Alabama Sen. Doug Jones is partnering with Virginia Sen. Mark Warner to introduce a bill that would make up for federal funding lost to states that chose not to expand Medicaid in the first years of the Affordable Care Act.
The bill would allow states to take advantage of a similar match rate to those that expanded before federal matching rates — the amount of the bill paid by the federal government — began to decline in 2016.
“It essentially gives states that have not expanded Medicaid a second chance,” Jones said in an interview with the Alabama Political Reporter.
Fourteen states haven’t expanded Medicaid — Alabama among them.
Of the 36 states and the District of Columbia that have expanded Medicaid, many of them expanded after federal funding to cover expansion began to decline in 2016.
Regardless of the implementation date, for the first three years of expansion — if Jones’ bill passes — states wouldn’t have to pay any of the costs.
A number of the states that expanded after 2016 or plan to expand soon are heavily Republican. Voters in Nebraska, Utah and Idaho approved ballot referendums for Medicaid expansion during midterm elections last year. Virginia and Maine implemented expansion in January of this year.
States that have expanded after 2016 were never able to take full advantage of the federal government paying for all of the expansion costs.
States that expanded after 2014 haven’t received the same federal matching rates as those who expanded immediately. Those that expanded in the last two years are receiving even lower reimbursement rates.
When Medicaid expansion became an option in 2014, the federal government covered the full cost. Beginning in 2016, funding began dropping from 100 percent. By 2020, the federal match rate will level out at 90 percent.
Federal funding still covers most of the costs for those who become newly insured through expansion.
Expanding the program allows states to provide healthcare coverage for all individuals up to 138 percent of the federal poverty rate, which is about $28,000 for a family of three.
If Alabama, for example, were to expand Medicaid this year, it would start with a 90 percent reimbursement rate in 2020. Several studies estimate that more than 300,000 people would be newly eligible for the health insurance program for lower-income individuals.
Jones’ and Warners’ bill would allow states — including Alabama — to take advantage of full funding for the first three years after the state chose to expand Medicaid — regardless of what year they chose to do so.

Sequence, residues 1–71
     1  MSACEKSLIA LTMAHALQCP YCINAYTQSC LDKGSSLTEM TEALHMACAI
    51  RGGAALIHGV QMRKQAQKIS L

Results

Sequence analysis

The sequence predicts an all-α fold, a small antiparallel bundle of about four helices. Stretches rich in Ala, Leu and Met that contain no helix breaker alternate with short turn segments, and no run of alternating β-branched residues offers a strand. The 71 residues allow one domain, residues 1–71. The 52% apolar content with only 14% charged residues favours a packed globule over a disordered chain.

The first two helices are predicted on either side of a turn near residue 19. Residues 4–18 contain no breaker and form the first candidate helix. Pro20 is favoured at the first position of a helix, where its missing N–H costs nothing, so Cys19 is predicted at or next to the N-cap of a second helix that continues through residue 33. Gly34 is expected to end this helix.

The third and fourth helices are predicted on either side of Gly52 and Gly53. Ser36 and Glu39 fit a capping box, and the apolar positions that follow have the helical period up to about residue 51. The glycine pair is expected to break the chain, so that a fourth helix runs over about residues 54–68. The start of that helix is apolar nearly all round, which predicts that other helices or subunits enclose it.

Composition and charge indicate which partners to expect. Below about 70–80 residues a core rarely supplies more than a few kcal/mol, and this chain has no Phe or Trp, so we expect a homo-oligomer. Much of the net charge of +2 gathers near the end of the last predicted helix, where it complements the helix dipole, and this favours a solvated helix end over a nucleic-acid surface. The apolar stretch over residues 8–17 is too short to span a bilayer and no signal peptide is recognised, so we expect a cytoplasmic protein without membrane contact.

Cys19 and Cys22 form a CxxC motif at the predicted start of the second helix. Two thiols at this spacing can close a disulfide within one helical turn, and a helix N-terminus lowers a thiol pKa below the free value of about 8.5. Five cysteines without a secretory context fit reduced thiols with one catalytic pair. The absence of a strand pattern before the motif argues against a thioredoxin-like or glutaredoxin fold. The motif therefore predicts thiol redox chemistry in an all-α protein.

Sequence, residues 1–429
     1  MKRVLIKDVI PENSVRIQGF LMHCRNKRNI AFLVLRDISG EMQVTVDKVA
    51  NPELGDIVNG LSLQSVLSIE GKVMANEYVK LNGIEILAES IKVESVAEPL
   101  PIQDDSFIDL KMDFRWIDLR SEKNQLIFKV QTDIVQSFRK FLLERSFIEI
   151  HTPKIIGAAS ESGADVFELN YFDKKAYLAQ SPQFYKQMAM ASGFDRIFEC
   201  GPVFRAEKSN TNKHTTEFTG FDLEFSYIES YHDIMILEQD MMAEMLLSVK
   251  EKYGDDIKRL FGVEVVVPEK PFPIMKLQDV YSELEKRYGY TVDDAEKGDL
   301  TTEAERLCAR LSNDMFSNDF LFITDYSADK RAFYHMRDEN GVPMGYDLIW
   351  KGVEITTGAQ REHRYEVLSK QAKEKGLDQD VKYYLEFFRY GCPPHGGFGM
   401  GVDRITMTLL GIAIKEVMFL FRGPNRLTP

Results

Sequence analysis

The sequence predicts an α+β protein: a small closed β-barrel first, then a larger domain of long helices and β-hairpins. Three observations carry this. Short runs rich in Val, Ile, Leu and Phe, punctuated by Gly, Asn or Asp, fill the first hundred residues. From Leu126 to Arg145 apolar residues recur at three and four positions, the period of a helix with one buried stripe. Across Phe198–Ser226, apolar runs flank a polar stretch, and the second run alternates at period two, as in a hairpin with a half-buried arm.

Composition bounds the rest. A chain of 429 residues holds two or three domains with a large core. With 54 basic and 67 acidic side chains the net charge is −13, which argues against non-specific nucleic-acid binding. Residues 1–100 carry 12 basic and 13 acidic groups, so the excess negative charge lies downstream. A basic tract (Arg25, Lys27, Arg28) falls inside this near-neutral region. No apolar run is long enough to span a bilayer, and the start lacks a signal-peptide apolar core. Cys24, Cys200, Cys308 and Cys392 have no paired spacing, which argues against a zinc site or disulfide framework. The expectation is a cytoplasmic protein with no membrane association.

Instead of the same timeline for every state, reimbursement rates would depend on when that individual state chose to expand Medicaid.
Federal funding would phase down to a 95 percent federal match in the fourth year of expansion, 94 percent in year five, 93 percent in year six and 90 percent for each year thereafter — following a similar reduction timeline to that in the current law.
Other states that have expanded Medicaid since 2014 — among them Indiana, Alaska, Montana, Louisiana and Virginia — would also benefit.
The bill, if passed, could potentially assuage some concerns from Alabama lawmakers who worry the state won’t be able to pay even a tenth of the expansion cost.
“We’re leaving about $14 billion of our own money on the table that could come back to Alabama,” Jones said. “Our rural hospitals are closing, and this is a way to make sure that we keep our money in state, give good health care to folks and expand the economy.”
A 2012 economic analysis by the UAB School of Public Health found that expansion would cost the state about $770 million over the first seven years but could potentially result in $20 billion in economic growth over the same time period.
With better reimbursement rates, the cost would be even lower.
An updated version of the study found that Medicaid expansion would provide insurance to 346,000 more Alabamians. It would also spur $2.7 billion to $2.9 billion in annual economic activity, according to the updated study.
The increase in tax revenue caused by the expanding economy would help offset the state’s Medicaid costs.
“Every state that has expanded Medicaid has had better health outcomes for their people, but just as importantly, it’s kept hospitals open and has been an economic driver for rural areas in those states,” Jones said. “I think they should have incentive already to do it, but this should help.”
Small hospitals in Alabama continue to close — an issue that the Alabama Hospital Association says could be prevented by expanding Medicaid.
Butler County’s Georgiana Medical Center will close on March 31 of this year. That announcement renewed some calls for the state to expand Medicaid.
Georgiana Medical Center will become the 13th Alabama hospital to close in eight years, the seventh rural hospital to close. Other rural hospitals that have closed include those in Florala and Elba.